Letter writer: Has Asheville changed since the 1950s?

Graphic by Lori Deaton

Plans and visions come and go, but one theme seems to be a constant: “We must protect the character of our neighborhoods. ”

The Comprehensive Plan update might be a good time to reconsider this. A generation after the Clearances, the East End’s character could be described as: “Single-family homes on tiny lots away from Ground Zero, small-to-mid-sized lots closer in. ”

With the completion of 420 apartments, 100 more apartments under construction and whispers of 600 to come, you might imagine that the combination of property speculators, city “planning” staff and Council itself were working to destroy rather than protect the character of our neighborhood.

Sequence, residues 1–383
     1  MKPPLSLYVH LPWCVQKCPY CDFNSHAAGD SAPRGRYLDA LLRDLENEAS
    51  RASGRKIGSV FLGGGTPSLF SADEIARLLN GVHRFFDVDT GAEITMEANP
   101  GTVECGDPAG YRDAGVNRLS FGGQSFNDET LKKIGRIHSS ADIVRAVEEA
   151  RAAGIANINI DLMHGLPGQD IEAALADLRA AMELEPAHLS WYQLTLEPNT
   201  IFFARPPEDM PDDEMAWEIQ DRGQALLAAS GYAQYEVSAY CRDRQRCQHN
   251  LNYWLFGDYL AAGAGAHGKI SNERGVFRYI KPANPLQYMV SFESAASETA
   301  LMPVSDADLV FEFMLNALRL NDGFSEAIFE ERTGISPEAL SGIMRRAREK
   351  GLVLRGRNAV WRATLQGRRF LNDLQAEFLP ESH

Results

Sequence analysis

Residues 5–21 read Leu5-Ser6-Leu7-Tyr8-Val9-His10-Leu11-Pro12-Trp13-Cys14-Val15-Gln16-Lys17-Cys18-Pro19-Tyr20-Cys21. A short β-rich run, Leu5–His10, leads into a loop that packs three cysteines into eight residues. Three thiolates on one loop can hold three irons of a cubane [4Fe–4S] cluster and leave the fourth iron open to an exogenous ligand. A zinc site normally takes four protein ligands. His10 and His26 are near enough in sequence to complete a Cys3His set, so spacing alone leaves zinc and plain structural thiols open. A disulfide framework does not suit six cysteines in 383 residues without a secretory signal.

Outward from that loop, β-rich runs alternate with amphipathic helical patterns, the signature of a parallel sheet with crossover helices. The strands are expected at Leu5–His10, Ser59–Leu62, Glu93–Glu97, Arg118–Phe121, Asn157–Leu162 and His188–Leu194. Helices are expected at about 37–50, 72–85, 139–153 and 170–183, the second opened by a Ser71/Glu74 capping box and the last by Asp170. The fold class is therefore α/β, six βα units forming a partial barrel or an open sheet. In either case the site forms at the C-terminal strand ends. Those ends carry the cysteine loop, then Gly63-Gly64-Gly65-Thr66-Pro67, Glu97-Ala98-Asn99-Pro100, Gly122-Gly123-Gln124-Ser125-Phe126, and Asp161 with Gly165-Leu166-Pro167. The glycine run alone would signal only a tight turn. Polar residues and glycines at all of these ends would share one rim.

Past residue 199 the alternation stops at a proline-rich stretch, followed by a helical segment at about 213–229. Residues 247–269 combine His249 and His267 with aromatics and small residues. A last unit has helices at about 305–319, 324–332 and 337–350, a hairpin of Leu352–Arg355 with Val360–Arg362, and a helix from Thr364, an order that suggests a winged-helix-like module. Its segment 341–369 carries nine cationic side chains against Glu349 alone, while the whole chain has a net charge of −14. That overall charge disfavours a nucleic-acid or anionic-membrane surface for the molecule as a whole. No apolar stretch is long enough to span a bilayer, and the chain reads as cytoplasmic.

Or, maybe, that the East End is the pathfinder, and that in the future North Asheville, West Asheville, South Asheville and East Asheville will each host 1,000 new apartments — something that would make a significant hole in the city’s housing deficit. But that seems unlikely — the cries of the NIMBYs would be deafening.

Or, perhaps, that the East End’s history has something to do with it. And that Asheville hasn’t changed much at all since the early 1950s.

— Geoff Kemmish


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